Starbucks, after facing a backlash for promising to hire refugees, plans to employ more US military veterans.
The coffee retailer will hire 25,000 veterans and their spouses by 2025, it said on Wednesday. Starbucks already has brought on 10,000 of them, ahead of a previously set goal. As part of its global expansion, more than 240,000 new jobs will be created globally over the next five years.
"We are still in the early stages of growth as we strive to meet our highest growth aspirations for the company," said Chief Executive Officer Howard Schultz, who is stepping down from the role next month to focus on the company’s premium Reserve brand.
The chain drew boycott threats earlier this year after saying it would hire 10,000 refugees globally -- a response to President Donald Trump’s proposed ban on travelers from certain nations. It’s also facing a sales slowdown. In January, the company cut its annual revenue forecast for this year, citing a challenging environment amid a broader industry slump.
In support of military communities, the chain also said it’s opening 100 more locations near major U.S. bases in the next five years. The announcements may appease some customers who boycotted the company after it pledged to hire refugees and provide legal counsel to employees affected by Trump’s plan.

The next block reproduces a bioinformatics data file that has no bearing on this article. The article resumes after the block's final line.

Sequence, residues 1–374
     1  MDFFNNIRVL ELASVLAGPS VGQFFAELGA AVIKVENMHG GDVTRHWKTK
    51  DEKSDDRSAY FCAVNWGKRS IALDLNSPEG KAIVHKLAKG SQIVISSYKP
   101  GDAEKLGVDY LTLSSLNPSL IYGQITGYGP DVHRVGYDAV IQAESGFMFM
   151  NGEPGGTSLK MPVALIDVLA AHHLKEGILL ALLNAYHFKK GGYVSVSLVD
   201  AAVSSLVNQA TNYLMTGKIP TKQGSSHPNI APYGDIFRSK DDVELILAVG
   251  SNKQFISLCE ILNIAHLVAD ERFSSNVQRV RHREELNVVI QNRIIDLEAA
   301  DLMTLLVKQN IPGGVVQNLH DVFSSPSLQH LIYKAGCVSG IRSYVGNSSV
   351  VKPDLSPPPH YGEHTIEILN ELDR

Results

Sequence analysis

Starbucks’ global expansion -- 12,000 new stores over the next five years -- includes a focus on China, where it has more than 2,600 locations. Growth there will accelerate in the future, Starbucks said.
In the U.S., Starbucks is planning for 3,400 new locations by fiscal 2021, or about 680 stores a year, on average. The chain opened 651 domestic cafes last year.
The company also announced details to bring customers in beyond the morning hours. It will begin selling a new line of grab-and-go salads and sandwiches, dubbed “Mercato,” in Chicago next month. Starbucks also is trying to lure more diners with a gluten-free breakfast sandwich and vegan bagel.
News by Bloomberg, edited by Hospitality Ireland